When her tests came back normal, Carolyn Thomas was mortified. Even from her desk in the palliative care department of British Columbia’s Royal Jubilee Hospital, Thomas knew how busy the ER could get. She had just wasted her coworker’s precious time only to be diagnosed with acid reflux.
Less than an hour earlier, on her morning walk, the 58-year-old had been stopped in her tracks by a wave of nausea and a crushing pain in her chest. Suddenly breathless and sweaty, Thomas had slumped against a nearby tree. When the pain had spread to her left arm, it confirmed her worst fear: She thought she was having a heart attack.
Yet by the time she got to the ER, her textbook symptoms had all but passed, and the doctor said, according to the standard tests, her heart rhythm looked normal. He sent her home with instructions to talk to her general practitioner about antacids.
It was May, 2008. After two weeks of ever-more-debilitating episodes, Thomas returned to the ER, desperately hoping they might have a more potent medication to treat her crippling acid reflux. But this time, they called in a cardiologist. A few minutes into the examination, the cardiologist insisted that she be rushed to the operating room immediately.
“Are you saying, I’m going to have a heart attack?” Thomas asked.
“I’m saying, you’re having a heart attack,” the cardiologist replied.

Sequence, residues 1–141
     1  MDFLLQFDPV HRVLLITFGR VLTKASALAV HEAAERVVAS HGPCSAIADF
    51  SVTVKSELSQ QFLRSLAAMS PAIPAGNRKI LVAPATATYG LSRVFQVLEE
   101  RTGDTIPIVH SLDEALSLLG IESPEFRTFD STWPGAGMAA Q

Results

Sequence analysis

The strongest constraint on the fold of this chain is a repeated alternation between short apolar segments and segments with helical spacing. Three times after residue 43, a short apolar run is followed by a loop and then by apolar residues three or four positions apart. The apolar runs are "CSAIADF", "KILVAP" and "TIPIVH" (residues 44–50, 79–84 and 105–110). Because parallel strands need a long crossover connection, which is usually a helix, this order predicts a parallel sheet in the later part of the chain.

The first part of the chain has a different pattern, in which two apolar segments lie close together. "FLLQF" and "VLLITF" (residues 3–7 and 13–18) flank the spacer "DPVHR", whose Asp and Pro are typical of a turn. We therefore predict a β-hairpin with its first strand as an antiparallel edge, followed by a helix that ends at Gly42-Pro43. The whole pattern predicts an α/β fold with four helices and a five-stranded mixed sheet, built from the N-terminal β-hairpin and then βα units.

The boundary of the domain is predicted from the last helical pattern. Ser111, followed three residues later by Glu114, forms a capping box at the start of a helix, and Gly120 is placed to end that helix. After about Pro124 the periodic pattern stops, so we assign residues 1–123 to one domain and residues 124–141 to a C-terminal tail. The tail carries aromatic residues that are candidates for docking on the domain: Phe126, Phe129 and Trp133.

Tip of the Iceberg
Misdiagnoses are not rare, particularly for patients like Thomas. Just last month, the latest of many studies showed that doctors overlook cardiovascular disease in women more often than in men, even though the disease is more common in women.
“People still think of it as a man’s disease,” says lead author Dr. Raphaëlle Delpech, a general practitioner at Paris-Sud University. “But women still get the disease more than men, disease rates are dropping slower for women than for men, and doctors more often fail to diagnose the disease in women than in men,” she says. The American Heart Association emphasized these points earlier this year in a scientific statement.
Cardiac disease is just the tip of the iceberg. As a rule, women suffer from higher rates of many chronic diseases, experience more health complications, and suffer more adverse drug reactions than men do. Between 1997 and 2000, eight of the ten drugs withdrawn from the market had more detrimental side effects in women than men.
In 2012, researchers discovered that women metabolize zolpidem, the active ingredient in Ambien and other sleep medications, more slowly than men. This meant that for 20 years, women, on the advice of their doctors, had been overdosing on a drug known to significantly impair driving. The drug took a particularly noticeable toll in 2010, when women experienced more than two-thirds of all 64,000 zolpidem-related emergencies. In January of 2013, the FDA warned that the recommended dose for women should be cut in half, a change now specified in the drug directions.
“To my knowledge, that’s the first sex-specific dosage labeling for a drug,” says Dr. Janine Clayton, director of the National Institute of Health’s Office of Research on Women’s Health. “We need to do better.”
Clayton first became aware of these inequities in 2001 when she discovered yet another shocking statistic: worldwide, nearly twice as many women suffer from visual impairment and blindness as their male counterparts. This left Clayton, an ophthalmologist at the time, reeling. “Surely this can’t be the case in the U.S.,” she had said to herself. But, she found out, it was.
Clayton was determined to find the cause for these stark differences. One explanation, she suspects, is rooted in a centuries-old bias.